Because I’ve heard many of their words and phrases numerous times over the years, they’ve become commonplace to me and I forget that once they were foreign. Numerous times in the past few years I’ve gotten looks of confusion from the person I’m talking with and it always takes me a minute to ascertain what has caused the confusion. I think I may now be considered a community member at this point since nutrition has become a passion of mine. As I consider the traditions and habits of this tribe, I see where I align with them. Traditionally speaking, the members of this tribe put into practice what they preach. Health and vitality have the utmost precedence for them. Also, one habit they all tend to have in common is perpetual learning. Research, testing, learning new terms, and staying on top of new developments is paramount to all other habits for this community. Once a person ceases the acquisition of knowledge that person soon falls behind the others and cannot participate in conversation as much because the jargon the others use has become incomprehensible. For this reason, I liken the nutrition community to the English language itself; dynamic and ever-changing. Often the currents of innovation and development become a raging river and it takes years of study to assimilate the knowledge. The tide of which feeds their vocabulary.

Often, I’ve wondered at the exclusivity of their language and the why behind it. After careful consideration, I have concluded that much of that stems from the fact that the nutrition community was born out of the scientific community. While these two haven’t completely divorced from one another, there does seem to be a separation based on the focus of studies. Even still, classes such as Human Anatomy and Physiology overlap with Human Nutrition which allows for some cross-cultural communication. Since the nutrition community began and has grown up around the scientific jargon, it’s simply ingrained in their vocabulary. As I read news about health and nutrition, I find it encouraging how much of the terminology is filtering into all areas of society, though. I’m hopeful that as more people begin to understand the workings of their body and the affects which nutrition, whether poor or excellent, has upon their health they’ll find it easier to make more educated food choices. Terminology is key to helping the masses comprehend what the nutrition community is talking about though.

Breaking down what they say will help aid in understanding, but that can be difficult. An interesting aspect to the terminology employed by the nutrition community is the fact that a lot of their “words” are actually acronyms, which are words formed from the initial letters of other words. For instance, BMI stands for Body Mass Index, which is a method of calculating a person’s “fatness” by using their height and weight. This is the way doctors and others in the health profession determine what weight-class a person falls into (i.e. underweight, normal, overweight, obese, or extremely obese). These aren’t the only obstacles. Words and phrases like “empty calories”, macronutrients, “free radicals”, and antioxidants frequently stump the uninitiated, though these are making more regular appearances in articles that “outsiders” read. However, some terms are simply more complex than others, like bio-availability. What does that mean? In simple terms, it’s used to describe the amount of a given nutrient that can be absorbed and used by the cells of the body and it can be affected by the way a food is processed, fiber in diet, and the health of a person’s digestive system (namely the large intestine since that is where the majority of nutrients are absorbed into the body for use).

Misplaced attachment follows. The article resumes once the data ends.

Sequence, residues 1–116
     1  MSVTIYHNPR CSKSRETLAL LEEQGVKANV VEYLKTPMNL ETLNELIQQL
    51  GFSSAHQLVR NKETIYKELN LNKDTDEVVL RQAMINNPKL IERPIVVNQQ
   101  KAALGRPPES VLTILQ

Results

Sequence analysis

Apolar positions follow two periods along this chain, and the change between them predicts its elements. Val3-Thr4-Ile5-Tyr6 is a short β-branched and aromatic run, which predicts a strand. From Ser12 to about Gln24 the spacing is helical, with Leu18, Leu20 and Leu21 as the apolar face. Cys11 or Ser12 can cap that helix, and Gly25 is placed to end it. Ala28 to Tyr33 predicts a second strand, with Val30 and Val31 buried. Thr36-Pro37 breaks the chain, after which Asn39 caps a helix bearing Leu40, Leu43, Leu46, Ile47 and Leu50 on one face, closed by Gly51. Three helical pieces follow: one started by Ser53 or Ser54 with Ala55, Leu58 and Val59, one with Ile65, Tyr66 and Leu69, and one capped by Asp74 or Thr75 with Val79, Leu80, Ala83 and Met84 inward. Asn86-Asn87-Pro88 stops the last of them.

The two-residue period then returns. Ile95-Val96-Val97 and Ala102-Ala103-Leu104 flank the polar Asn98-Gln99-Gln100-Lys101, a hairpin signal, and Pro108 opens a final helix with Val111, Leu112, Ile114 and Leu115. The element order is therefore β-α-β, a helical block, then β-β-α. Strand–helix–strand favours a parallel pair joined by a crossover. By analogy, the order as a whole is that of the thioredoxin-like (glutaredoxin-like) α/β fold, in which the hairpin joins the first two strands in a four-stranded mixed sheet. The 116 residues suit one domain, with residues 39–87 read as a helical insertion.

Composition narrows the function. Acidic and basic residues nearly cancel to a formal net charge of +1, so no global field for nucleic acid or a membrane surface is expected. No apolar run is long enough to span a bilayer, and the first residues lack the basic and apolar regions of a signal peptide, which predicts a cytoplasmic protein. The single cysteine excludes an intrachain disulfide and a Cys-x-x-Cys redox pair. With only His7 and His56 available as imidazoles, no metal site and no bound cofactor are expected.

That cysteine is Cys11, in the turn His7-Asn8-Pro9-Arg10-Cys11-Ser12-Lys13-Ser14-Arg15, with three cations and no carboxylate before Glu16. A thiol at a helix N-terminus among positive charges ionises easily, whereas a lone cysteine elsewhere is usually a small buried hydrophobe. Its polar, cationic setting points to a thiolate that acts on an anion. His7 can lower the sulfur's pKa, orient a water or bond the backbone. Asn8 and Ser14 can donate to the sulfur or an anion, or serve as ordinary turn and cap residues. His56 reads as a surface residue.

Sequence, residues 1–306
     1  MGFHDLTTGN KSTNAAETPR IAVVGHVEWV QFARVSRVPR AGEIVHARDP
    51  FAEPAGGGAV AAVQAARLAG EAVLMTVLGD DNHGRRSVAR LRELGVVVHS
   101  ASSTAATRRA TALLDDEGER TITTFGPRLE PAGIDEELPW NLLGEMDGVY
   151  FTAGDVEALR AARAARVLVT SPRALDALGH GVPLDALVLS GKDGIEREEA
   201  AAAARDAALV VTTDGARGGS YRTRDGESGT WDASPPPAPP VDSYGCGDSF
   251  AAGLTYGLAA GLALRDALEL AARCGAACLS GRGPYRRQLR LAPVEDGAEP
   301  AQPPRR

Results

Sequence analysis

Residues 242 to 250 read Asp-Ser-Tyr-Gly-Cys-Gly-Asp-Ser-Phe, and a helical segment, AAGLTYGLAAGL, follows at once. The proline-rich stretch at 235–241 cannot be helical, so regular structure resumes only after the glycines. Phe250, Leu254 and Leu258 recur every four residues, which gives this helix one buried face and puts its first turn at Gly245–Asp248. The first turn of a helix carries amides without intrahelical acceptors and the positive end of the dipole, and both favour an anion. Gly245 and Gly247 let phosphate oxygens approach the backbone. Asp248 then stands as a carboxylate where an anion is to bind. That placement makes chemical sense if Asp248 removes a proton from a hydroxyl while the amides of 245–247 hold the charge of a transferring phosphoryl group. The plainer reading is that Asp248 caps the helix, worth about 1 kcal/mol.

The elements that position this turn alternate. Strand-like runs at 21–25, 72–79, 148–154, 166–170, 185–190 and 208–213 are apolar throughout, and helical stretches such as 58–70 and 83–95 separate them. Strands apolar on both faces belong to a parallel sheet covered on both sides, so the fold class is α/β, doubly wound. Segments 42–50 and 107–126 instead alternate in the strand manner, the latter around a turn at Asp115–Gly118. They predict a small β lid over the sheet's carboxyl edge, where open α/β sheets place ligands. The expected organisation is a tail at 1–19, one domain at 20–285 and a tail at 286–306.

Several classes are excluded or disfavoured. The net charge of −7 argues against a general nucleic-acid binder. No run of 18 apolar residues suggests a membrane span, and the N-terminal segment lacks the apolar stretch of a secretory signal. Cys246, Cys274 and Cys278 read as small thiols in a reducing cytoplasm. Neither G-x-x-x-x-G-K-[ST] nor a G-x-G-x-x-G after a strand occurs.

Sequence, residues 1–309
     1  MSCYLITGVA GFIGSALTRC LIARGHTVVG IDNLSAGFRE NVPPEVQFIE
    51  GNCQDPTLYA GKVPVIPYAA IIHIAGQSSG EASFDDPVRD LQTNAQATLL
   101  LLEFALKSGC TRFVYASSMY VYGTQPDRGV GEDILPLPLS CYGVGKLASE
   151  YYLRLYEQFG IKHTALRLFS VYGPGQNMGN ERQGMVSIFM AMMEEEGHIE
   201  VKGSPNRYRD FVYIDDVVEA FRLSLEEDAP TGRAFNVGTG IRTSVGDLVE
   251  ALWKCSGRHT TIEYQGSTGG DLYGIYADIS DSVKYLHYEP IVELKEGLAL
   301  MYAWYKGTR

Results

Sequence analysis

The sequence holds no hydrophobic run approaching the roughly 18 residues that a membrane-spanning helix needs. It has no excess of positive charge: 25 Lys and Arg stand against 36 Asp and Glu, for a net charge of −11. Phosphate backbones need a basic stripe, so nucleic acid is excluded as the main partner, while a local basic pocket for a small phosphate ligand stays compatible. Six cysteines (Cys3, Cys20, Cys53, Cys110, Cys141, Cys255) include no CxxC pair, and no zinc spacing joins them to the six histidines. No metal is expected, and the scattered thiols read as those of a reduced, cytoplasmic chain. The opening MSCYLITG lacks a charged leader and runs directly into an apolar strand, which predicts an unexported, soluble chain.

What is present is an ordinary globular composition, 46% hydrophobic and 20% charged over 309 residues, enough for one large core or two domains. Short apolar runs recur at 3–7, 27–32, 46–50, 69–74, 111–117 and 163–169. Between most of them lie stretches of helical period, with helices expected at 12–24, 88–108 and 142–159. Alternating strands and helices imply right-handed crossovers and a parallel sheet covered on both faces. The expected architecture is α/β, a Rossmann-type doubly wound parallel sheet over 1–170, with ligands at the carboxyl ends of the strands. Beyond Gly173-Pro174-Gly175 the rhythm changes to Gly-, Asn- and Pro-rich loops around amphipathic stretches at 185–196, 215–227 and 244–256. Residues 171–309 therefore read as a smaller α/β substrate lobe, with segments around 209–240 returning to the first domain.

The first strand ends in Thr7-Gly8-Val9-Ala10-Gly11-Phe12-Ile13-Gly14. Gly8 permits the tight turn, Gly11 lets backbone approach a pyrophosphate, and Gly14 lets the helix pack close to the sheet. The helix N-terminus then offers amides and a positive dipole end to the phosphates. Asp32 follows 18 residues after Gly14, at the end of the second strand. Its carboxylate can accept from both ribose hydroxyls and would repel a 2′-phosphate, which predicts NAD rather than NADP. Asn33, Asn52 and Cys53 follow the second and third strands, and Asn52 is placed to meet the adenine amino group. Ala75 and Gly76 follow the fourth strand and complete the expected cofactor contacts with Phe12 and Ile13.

It takes an inquisitive mind to even wish to embark on the journey of understanding this tribe, but I can assure you it is enriching and not something to look back upon with regret. Perhaps it helped that I have always been intrigued by the curious workings of the human body; how it uses food to provide energy, what causes breakdowns, and how it heals. Because of the ever-changing nature of this tribe, I fully intend to keep learning from them and their ways as the nutrition community has a lot of important concepts to teach. I’ve already learned so much and have found the learning to be great fun.

These are my findings thus far, I do hope this has been as enlightening and intriguing for you as it has for me. Always learn and be eager to share your knowledge with others because oftentimes what we love others will too.

Sincerely,

Denise Peachey

Glossary:

~ antioxidants= these are the neutralizers of the free radicals. (Vitamins C and E are prime examples, that’s why doctor’s often tell smokers to take a vitamin C supplement as it helps to counter the negative effects of smoking.)

~ empty calories= come from “foods” that are higher in calories than in nutrients and are often less filling. Also, these are often immediately stored as fat in the body.

~ free radicals= these are “loose” hydrogen atoms floating around in the body and are damaging to body tissues and organs because of their oxidizing effects (similar to the process of metal rusting).

~ macronutrients= these are the large parts of the human diet: Carbohydrates, Fats (also called Lipids), Protein, and Water. Also, to add to the uninitiated person’s confusion, Carbs, Fats, and Proteins can be further divided into subcategories or types. (Vitamins and minerals are considered micronutrients.)

Note: An excellent textbook for spelling nutrition all out step-by-step and in lessons that build upon one another is Nutrition: Concepts and Controversies by Sizer and Whitney. It’s in its 13th edition since 1979 as it is updated and revised every three years.

Nutrition Book